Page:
High-Performance Materials for a High-Concept SupercarTue, 09/01/2015 - 15:44
Occasionally, innovation is only possible when the right imaginative and creative minds work together. In the case of the Inferno Exotic Car concept, the collaborators involved have taken their creativity to the next level, designing their dream sports car and working to turn it into a reality with next-generation materials.
Over the last decade, LTM Hot Spot has been focused on communication materials for mass consumption brands, such as industrial model road signs for Mexican localities. However, as an unusual escape from their regular projects, the company has designed the Inferno Exotic Car concept. The company’s designers and engineers have exercised their love of disruptive brands, such as Pagani, Koenigsegg, Ferrari, and Lamborghini, particularly highlighting the latter two as reference brands for quality and design. Despite the exceptional classification of the concept, Álvaro Gutiérrez, CEO of Inferno Exotic Car wanted to design a vehicle that could compete in the market as a legal car. Although this car would be risky to truly manufacture and commercialize, the company knew it would tap into the inner child of drivers. According to initial feedback, Inferno was compared to the Batmobile or a Hot Wheels car, showing that the company had succeeded in its imaginative approach. The vehicle has a total height of 1.1m and a weighs less than 1,000kg, which would allow the car to reach a top speed of 395km/h with its projected 1,400hp. The roof is particularly interesting from a design perspective, as the company has not yet settled on a polymer that would offer the resistance required, but the vision is to create a panoramic roof resembling glass. A remote control system is also being developed to operate the doors, inspired by Koenigsegg, Lamborghini, and Ferrari, although the Inferno variant on these designs will open up the whole side of the car, as well as allow the driver to start and stop the engine..
To transform its innovative design and the driving conditions created by its powerful engine, one of the first problems faced by the company was the need for new materials. As a result, the Inferno Exotic Car will be the first concept car to apply metal foam technology, as its intricate design would be impractical to build with any other material. Metal foam technology requires elaboration of a Zn-Al-Ag alloy, which offers exceptional mechanical and anticorrosive properties that are ideal for automotive manufacturing. The silver element adds superplasticity that allows the alloy to be deformed up to 100 times its original length, without losing mechanical properties. This alloy is used to cast and to elaborate a large interconnected network of NaCl-filled pores, as well as open-cell foam, which is a cellular structure consisting of a solid metal. Ultimately, the defining characteristic of metal foam is that the extremely high porosity makes it ultralight. The company is including close to 25 patents in the project (belonging to both ITESM and LTM Hot Spot), encompassing technology that is already available but not included in any brand. This means that the project is neither restricted by design, nor by the copyrights of existing brands. One of Inferno’s collaborators is Senior Automotive Designer, Antonio Ferraioli, who has been part of other exotic car designs including the Lamborghini Veneno Roadster. Ferraioli has helped the Inferno prototype, which is currently situated in Guadalajara, to meet its compliance with official regulations. Even so, the vehicle still needs to pass all the necessary tests before it arrives in Leon for feedback, painting and finishing, and the official presentation with the internal team. It can then be subjected to further tests in ITESM’s testing chambers.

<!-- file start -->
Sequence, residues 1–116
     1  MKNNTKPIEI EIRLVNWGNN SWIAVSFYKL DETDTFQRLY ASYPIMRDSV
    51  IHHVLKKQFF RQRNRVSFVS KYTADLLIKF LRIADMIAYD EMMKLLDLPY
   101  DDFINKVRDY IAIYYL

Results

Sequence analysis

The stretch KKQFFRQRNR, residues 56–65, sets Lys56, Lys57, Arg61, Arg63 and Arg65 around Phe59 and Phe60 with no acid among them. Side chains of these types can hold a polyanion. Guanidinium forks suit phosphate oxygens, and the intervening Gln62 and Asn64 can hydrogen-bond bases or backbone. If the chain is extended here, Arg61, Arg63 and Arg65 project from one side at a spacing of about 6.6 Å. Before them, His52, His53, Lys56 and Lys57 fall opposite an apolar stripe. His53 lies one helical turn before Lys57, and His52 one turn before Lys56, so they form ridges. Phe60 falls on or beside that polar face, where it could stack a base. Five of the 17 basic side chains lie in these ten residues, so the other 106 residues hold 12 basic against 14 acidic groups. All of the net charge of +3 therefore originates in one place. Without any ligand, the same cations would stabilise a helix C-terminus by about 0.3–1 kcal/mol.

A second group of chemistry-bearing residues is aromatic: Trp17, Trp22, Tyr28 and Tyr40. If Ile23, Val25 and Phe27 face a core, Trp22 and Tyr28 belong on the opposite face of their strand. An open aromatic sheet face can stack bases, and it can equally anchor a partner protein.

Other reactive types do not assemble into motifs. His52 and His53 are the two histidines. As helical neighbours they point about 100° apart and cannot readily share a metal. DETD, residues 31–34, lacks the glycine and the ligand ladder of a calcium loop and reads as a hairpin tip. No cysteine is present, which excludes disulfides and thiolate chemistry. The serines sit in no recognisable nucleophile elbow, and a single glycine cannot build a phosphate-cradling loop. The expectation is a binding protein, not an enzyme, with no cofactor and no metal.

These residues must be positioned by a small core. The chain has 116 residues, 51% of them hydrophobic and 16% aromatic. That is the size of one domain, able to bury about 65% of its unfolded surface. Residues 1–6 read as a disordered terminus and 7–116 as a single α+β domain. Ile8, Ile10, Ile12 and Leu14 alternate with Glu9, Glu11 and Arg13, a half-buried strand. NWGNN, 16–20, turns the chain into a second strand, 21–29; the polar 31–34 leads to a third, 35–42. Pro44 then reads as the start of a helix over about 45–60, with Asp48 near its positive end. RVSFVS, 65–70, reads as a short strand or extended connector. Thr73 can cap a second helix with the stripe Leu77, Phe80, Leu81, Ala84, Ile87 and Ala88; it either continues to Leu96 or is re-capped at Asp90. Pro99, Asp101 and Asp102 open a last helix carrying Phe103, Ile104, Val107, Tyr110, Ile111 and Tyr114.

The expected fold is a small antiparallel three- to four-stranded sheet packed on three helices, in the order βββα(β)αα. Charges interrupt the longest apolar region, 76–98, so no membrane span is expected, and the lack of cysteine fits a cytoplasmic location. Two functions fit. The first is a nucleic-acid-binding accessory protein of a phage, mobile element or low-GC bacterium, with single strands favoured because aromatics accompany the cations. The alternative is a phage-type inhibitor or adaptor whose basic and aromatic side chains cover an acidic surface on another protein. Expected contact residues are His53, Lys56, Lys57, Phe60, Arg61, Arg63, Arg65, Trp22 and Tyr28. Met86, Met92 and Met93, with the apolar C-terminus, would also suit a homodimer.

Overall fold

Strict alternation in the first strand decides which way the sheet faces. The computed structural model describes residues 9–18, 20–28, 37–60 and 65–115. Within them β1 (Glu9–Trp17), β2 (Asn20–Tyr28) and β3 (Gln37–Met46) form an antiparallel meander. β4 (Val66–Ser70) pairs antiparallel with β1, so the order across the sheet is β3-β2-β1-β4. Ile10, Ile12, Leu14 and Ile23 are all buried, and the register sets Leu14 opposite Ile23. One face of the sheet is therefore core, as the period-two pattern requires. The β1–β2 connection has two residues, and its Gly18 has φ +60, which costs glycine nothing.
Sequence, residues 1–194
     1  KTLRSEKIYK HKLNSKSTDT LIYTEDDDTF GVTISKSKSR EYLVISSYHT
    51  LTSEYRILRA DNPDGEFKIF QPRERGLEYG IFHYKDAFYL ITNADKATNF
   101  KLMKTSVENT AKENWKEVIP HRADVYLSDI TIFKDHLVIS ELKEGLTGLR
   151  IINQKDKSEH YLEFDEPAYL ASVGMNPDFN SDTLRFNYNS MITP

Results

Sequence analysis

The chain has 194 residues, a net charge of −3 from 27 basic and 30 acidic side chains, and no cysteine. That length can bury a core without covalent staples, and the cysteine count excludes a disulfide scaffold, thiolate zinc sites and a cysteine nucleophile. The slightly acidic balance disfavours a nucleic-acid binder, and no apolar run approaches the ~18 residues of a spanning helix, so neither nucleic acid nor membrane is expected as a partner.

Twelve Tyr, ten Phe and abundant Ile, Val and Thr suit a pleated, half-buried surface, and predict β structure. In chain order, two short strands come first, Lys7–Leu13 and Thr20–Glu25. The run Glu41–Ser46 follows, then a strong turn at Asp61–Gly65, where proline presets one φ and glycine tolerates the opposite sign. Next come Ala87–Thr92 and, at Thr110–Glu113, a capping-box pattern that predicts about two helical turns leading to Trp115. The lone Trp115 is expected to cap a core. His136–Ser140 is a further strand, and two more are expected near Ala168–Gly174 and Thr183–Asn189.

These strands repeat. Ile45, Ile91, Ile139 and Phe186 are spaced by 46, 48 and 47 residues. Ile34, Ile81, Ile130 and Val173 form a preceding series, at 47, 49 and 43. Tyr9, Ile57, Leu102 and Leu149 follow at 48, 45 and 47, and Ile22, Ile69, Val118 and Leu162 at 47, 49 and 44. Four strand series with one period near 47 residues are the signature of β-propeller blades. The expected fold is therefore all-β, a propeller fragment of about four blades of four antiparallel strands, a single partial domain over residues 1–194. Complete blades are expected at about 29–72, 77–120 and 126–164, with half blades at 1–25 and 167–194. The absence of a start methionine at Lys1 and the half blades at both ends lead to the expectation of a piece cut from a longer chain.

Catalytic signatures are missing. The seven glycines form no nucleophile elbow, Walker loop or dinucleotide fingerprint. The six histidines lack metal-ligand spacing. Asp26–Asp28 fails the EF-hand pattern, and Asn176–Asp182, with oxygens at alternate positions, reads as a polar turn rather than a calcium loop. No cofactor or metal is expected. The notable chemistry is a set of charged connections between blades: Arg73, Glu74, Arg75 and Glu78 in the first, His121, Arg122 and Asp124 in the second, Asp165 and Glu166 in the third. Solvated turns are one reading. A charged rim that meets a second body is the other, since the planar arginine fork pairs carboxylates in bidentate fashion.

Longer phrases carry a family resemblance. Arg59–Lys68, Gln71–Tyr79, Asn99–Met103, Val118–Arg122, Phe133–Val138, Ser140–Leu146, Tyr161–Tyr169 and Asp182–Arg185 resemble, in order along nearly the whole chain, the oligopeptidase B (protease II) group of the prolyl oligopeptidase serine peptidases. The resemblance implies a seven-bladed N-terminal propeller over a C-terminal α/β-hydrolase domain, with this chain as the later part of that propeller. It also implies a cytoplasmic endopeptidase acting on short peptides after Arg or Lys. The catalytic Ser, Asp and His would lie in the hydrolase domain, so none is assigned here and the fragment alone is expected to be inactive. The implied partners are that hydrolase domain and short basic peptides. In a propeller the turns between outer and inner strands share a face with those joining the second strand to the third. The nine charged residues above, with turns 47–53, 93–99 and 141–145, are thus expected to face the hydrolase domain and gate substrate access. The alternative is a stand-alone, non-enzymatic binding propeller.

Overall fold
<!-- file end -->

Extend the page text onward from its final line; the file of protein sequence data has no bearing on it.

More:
The company is seeking a foothold that would allow it to join forces with national companies, and to demonstrate that Mexico is a hub of innovation for new automotive products and projects. Gutiérrez knew from the outset that it would be difficult to approach a transnational company until they could produce something tangible. “We initially needed something real to make companies believe in this project, but the vehicle is now a reality, and new companies are always looking to get involved,” he glows. Some of the companies that are now working with the project are logistics specialists, who intend to include people with expertise in vehicle construction specific to the concept’s characteristics, even if this means branching into foreign markets or importing personnel. Several entrepreneurs are taking note of this opportunity to increase investment in the automotive industry, and Gutiérrez expects the experience of Antonio Ferraioli’s team to launch them into the exotic car or limited edition models segment. If they can ensure high levels of quality and safety in their manufacturing process, then the ambition to create a roadworthy vehicle could be reached. In the long term, a minimum of five to seven prototypes would need to be constructed and displayed at the most important international forums and museums of influential companies in locations such as Dubai, Miami, Los Angeles, London, and Monaco. “It might sound like an impossible dream but we are making progress,” continues Gutiérrez.